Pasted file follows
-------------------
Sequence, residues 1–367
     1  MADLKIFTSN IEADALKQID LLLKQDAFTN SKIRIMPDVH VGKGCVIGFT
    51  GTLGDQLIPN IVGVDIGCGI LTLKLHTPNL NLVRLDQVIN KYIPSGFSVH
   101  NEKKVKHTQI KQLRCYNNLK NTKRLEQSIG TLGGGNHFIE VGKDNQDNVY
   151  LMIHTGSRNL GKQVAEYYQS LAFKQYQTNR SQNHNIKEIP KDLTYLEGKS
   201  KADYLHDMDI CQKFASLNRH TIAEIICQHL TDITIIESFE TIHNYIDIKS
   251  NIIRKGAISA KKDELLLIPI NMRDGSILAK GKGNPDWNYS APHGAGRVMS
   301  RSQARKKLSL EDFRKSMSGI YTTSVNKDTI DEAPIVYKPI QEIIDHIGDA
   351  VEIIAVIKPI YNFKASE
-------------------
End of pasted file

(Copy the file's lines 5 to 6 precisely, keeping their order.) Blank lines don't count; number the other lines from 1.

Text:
   151  LMIHTGSRNL GKQVAEYYQS LAFKQYQTNR SQNHNIKEIP KDLTYLEGKS
   201  KADYLHDMDI CQKFASLNRH TIAEIICQHL TDITIIESFE TIHNYIDIKS